APATZINGAN, Mexico — Vigilantes who have challenged the government’s authority in lawless Michoacan state held onto their guns on Wednesday as federal authorities struggled to rein in a monster they helped create: citizen militias that rose among farmers and lime-pickers to fight a drug cartel.
Interior Minister Miguel Angel Osorio Chong called Monday for the vigilantes to drop their arms and go home. But a new agreement with the so-called self-defense groups left them holding onto their territory and their guns, including high-caliber assault rifles that can only be used by the military under Mexican law.
The fact they had the weapons at all grew from toleration, perhaps even encouragement, of a movement that spread across Michoacan’s Tierra Caliente in recent months. Citizens have challenged the dominance of a pseudo-religious drug cartel that officials themselves have been unable to uproot.
“What they created was a Frankenstein that got out of control,” said Erubiel Tirado, a specialist in civil-military relations at the Iberoamerican University. He called it a schizophrenic strategy that allows civilians to do the government’s “dirty work.”
The government sent in its forces, vowing Monday to reassert order, after violent days of repeated clashes between the Knights Templar cartel and vigilantes who were advancing, town by town, on the cartel’s stronghold in the farming hub of Apatzingan.
But many residents simply shrugged at the show of force. They’ve seen federal forces come and go since the previous administration launched a war on cartels in Michoacan in 2006 that failed to uproot the drug cartels.
Nor does the government of President Enrique Pena Nieto want to repeat the full-on attack strategy of his predecessor Felipe Calderon, which that only got bloodier and less popular as time went on.
With no clear rules governing the use of the military in civilian law enforcement, soldiers have been slow to respond as the cartel has gone about its business in Michoacan, including taking over some mining exports to China, forcing civilians to demonstrate against police and extorting payments on a wide range of activities.
Authorities have arrested few senior leaders of the Knights Templar over the past year even as the cartel has come increasingly under attack by vigilantes, who are often accompanied by local residents who point out the thugs who have extorted money, stolen homes and cars, or kidnapped relatives. They kill without qualms and take enemies into improvised jails.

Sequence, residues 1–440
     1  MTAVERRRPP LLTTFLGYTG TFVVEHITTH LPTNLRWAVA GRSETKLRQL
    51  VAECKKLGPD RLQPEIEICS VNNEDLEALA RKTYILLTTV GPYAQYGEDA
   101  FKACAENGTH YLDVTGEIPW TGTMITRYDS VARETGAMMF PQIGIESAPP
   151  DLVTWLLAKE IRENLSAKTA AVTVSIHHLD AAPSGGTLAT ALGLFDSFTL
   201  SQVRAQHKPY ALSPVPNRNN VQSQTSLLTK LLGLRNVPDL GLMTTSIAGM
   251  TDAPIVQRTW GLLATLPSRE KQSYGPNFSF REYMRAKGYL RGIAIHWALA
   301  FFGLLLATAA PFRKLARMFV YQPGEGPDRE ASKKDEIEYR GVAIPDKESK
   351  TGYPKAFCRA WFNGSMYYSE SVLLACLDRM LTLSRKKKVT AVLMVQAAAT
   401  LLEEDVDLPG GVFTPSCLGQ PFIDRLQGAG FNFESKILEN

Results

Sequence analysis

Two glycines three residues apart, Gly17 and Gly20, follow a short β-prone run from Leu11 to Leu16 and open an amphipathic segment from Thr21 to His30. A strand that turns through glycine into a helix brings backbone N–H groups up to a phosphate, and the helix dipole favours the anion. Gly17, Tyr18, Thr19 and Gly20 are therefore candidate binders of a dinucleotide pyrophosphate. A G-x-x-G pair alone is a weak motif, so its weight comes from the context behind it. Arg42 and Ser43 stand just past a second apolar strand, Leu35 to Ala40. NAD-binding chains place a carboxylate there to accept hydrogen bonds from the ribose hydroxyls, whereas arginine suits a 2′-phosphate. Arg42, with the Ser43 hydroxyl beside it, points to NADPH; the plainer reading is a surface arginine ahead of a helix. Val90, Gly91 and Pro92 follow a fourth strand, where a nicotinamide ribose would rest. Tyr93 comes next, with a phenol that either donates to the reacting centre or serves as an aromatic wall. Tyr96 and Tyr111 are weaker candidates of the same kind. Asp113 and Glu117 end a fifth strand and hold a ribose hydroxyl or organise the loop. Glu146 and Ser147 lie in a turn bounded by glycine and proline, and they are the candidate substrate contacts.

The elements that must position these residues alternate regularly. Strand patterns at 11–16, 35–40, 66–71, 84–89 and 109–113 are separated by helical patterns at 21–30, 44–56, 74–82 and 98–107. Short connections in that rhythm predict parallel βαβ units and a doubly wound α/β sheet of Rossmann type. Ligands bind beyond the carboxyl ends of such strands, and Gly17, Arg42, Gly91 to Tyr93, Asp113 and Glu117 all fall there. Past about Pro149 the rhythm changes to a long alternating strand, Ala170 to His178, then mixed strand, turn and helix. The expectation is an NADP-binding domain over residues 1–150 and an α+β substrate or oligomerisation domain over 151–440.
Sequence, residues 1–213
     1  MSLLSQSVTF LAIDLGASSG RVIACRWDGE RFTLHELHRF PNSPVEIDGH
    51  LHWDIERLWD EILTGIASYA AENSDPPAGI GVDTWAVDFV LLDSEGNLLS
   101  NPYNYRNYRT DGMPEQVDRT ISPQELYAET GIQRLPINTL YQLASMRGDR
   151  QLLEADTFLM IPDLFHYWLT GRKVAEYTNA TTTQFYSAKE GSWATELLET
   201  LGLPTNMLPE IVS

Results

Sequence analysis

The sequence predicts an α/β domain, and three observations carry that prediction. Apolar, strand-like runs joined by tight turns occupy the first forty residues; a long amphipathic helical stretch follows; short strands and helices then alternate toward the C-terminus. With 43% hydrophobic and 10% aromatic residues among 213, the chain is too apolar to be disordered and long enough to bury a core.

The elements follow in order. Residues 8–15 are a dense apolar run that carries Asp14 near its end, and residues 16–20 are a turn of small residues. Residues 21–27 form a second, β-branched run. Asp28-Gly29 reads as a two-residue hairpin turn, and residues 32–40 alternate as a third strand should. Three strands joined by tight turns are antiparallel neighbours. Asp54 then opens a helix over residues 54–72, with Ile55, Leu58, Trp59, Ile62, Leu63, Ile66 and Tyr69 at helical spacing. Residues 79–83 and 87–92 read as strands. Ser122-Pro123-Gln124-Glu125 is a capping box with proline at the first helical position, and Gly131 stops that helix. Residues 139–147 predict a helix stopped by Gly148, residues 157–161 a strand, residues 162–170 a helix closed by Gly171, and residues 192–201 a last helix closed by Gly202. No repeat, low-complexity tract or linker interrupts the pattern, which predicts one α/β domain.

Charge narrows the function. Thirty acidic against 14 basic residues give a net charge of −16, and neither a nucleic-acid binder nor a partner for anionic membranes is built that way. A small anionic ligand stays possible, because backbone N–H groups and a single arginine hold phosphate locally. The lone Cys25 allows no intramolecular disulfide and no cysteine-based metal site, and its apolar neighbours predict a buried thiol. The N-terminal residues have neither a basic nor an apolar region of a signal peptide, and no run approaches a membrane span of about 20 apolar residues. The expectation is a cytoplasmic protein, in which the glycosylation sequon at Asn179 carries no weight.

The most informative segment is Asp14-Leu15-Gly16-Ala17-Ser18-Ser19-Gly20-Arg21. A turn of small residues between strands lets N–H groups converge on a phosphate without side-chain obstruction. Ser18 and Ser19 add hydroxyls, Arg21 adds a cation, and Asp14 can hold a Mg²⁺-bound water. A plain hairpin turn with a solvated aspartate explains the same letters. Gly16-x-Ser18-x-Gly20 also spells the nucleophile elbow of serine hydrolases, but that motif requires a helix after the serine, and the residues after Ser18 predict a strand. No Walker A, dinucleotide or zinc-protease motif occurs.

The number of deaths in the yearlong vigilante-cartel conflict is unclear, but the state’s homicide count has roughly doubled to more than 100 a month since September compared to earlier in the year.
Cartel gunmen usually flee before the vigilantes arrive in towns, burning vehicles to cover their escape. And in each new town the vigilantes take over, they are greeted by dozens of eager young men who want to join the movement and “liberate” more towns.
The Knights Templar apparently tried to reassert its authority Wednesday following the federal show of force by ordering all businesses to close, burning a downtown pharmacy that didn’t comply just blocks from where federal police had paraded in an impressive display of force the day before.
While the vigilantes have the support of locals for now, many warn that they could simply replace the cartel as a new outlaw authority. The Knights Templar itself emerged from local people fighting outside drug gangs. It initially told citizens it wouldn’t bother them and would only focus on drug trafficking. But it soon veered into widespread extortion.
State and federal government authorities have said that some self-defense groups have been infiltrated by the rival New Generation cartel from neighboring Jalisco state, which is warring with the Knights Templar. The vigilante leaders vehemently deny this.
They say they finance their battle with money that citizens formerly paid in extortion to the cartel, money given voluntarily — at least for now.
Vigilante leaders also say wealthy landowners in the rich farm country, a major producer of limes, avocados and mangos, have been financing their cause.
Attorney General Jesus Murillo Karam told local media Tuesday that the Mexican government is investigating the vigilantes’ financing. “Formal authority has made itself felt, and that is the main aim of all of this operation.”
But few believe that order has been restored, or will be anytime soon.
“They made a big error that we’re all going to pay for,” Salvador Vega, an opposition senator from Apatzingan, said of the federal government. “They thought they could leave things alone and it would take care of itself, that these groups would keep fighting until they killed each other.”
Associated Press writer Adriana Gomez Licon in Mexico City contributed to this report.